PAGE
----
‘Juvenile convict’s release a slap on the face of the entire nation’ | delhi | Hindustan Times
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‘Juvenile convict’s release a slap on the face of the entire nation’

Delhi Commission for Women chief Swati Maliwal has approached the Supreme Court to stall his release. She talked to HT, explaining her reservations on the release of the convict

delhi Updated: Dec 21, 2015 10:18 IST
Heena Kausar
DCW chairperson Swati Maliwal approached the Supreme Court to stall the December 16 gangrape juvenile convict’s release.
DCW chairperson Swati Maliwal approached the Supreme Court to stall the December 16 gangrape juvenile convict’s release.(PTI File Photo)

Delhi Commission for Women chief Swati Maliwal has approached the Supreme Court to stall his release. She talked to HT, explaining her reservations on the release of the convict. Excerpts

Why is the DCW against the release of the gang rape convict from a juvenile home when he has already served his term?

The Delhi High Court order says the status about the extent of reformation the convict has undergone is not clear. This is a slap on the face of the entire country. We want him to remain in custody till his mental status is not assessed, he should not be released. We demand that an independent body/committee should be constituted by the court to review if the youth has undergone any reformation.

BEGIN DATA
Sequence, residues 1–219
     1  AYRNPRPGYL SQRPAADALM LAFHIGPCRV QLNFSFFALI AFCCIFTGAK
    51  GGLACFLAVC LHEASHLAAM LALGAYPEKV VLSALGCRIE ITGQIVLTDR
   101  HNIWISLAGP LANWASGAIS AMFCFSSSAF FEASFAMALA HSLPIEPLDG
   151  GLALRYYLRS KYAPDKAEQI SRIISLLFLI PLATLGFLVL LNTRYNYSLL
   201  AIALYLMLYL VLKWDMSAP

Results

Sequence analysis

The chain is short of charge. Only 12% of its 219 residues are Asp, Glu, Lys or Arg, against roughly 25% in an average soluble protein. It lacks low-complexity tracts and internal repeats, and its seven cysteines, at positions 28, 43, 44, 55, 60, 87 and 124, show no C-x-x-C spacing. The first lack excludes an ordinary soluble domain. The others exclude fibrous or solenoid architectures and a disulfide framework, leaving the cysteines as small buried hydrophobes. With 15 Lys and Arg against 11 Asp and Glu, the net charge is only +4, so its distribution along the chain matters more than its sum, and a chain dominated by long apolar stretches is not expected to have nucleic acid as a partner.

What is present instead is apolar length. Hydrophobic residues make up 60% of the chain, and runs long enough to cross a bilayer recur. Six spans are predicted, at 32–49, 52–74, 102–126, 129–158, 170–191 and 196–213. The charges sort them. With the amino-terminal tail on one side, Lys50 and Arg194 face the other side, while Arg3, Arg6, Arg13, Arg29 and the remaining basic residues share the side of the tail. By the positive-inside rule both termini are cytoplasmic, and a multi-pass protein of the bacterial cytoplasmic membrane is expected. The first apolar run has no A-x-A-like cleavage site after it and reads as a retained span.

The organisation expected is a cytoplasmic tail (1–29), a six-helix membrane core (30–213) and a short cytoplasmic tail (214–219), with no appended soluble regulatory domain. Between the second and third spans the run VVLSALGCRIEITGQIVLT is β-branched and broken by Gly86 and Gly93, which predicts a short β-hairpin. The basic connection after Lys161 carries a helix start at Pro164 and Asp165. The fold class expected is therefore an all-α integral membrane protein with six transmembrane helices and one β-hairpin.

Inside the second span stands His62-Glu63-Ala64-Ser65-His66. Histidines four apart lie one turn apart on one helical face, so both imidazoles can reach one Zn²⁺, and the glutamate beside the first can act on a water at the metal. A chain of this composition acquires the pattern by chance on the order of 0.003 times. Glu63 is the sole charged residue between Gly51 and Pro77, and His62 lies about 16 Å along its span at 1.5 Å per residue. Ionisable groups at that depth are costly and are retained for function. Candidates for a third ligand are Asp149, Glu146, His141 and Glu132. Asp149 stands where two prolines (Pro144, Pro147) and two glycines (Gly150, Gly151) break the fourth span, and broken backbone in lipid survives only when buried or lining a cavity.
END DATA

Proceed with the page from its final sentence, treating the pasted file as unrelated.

Why was the step to approach the SC taken so late?

The DCW wrote letters against release of the convict to President of India, Chief Justice of India and others. I even met Vice President Hamid Ansari but no decision could be arrived at because everything is in the hands of the courts. So, I approached the Supreme Court with a Special Leave Petition. I want to make it clear that the DCW would have done it whether media covers it or not. So there is no question of doing it for publicity.

The observation homes are run by the Delhi government. Why didn’t the commission approach the government?

The reform homes are only run by the Delhi government but beyond that the government has no jurisdiction. That is why we are approaching the Juvenile Justice Board. I had written a letter to the board, requesting them not to release him. The government’s hand are tied due to the Juvenile Justice Act.

Three years have passed since the December 16 gang rape, but the juvenile law has not yet been changed despite so many protests. Why?

I belive both state and central governments want to do it. When I met Hamid ji (vice president) he told me that the amended Bill would be presented before the Rajya Sabha in the next three days.